These eye-popping animations owe everything to old-school Nintendo and classic NFB shorts
Nicolas Ménard, this week's Exhibitionist in Residence, shares the 9 things he just can't do without
Just 27, Ménard is an award-winning animator — his short film, "Loop Ring Drink Chop," scored the Walt Disney Prize at last year's Ottawa International Animation Festival, for example — and since recently graduating from the Royal College of Art in London, heavyweight corporate clients including Google, Facebook and The New York Times have sought out his skills.
As you'll see on the show — and in the GIFs below — this Quebec-raised artist is a master of colour, and his bold, graphic style, though maybe reminiscent of Bauhaus, is also deeply indebted to so many thumb-spraining hours playing Super Mario Bros. 3.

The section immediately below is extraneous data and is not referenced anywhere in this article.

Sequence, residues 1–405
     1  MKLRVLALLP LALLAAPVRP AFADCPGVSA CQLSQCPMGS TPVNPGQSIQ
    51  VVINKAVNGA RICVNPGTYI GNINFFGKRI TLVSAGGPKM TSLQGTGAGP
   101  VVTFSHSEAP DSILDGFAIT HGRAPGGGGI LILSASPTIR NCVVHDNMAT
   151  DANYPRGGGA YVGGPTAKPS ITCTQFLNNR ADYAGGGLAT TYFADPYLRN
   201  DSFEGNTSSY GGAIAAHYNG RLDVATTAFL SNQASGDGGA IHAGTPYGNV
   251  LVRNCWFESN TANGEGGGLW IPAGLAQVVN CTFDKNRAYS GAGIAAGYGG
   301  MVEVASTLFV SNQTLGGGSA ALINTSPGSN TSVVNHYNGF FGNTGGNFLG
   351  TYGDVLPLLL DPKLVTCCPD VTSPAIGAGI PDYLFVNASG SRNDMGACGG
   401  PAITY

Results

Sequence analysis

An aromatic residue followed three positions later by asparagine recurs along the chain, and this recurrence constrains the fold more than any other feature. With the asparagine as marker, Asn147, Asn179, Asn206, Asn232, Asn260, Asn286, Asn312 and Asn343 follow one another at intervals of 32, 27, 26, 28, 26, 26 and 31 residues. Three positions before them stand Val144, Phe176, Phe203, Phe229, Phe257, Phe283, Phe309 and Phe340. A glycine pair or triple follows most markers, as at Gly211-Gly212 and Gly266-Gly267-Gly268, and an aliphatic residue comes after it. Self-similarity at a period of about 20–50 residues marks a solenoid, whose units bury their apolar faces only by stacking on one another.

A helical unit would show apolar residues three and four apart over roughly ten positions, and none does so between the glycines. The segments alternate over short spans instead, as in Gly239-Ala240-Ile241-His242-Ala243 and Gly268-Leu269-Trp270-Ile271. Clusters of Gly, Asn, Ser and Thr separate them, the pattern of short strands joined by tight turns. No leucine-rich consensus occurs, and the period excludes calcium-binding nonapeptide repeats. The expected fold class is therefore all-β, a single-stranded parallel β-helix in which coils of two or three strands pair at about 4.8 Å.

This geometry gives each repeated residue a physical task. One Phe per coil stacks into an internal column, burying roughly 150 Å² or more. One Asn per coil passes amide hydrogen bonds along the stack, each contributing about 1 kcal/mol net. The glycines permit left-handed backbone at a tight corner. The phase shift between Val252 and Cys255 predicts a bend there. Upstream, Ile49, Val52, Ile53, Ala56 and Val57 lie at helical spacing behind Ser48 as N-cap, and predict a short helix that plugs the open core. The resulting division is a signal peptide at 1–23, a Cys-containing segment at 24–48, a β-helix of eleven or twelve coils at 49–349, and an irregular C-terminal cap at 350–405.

But Nintendo is just one of his surprising inspirations. CBC Arts asked Ménard to reveal the things he simply can't do without as an artist.
Here's his list...
"We met at the Royal College of Art," says Ménard, "but this was our first time doing something together."
"We found out that we're quite complementary — we studied completely different fields, almost, although we both met in the animation program. She has a much more traditional background, and I have this graphic design background," explains Ménard, who marvels over Lo's skills. "She just renders things magically on the paper."
"We really want to make more animation together — we have tons of ideas, actually."
Le parlé Québécois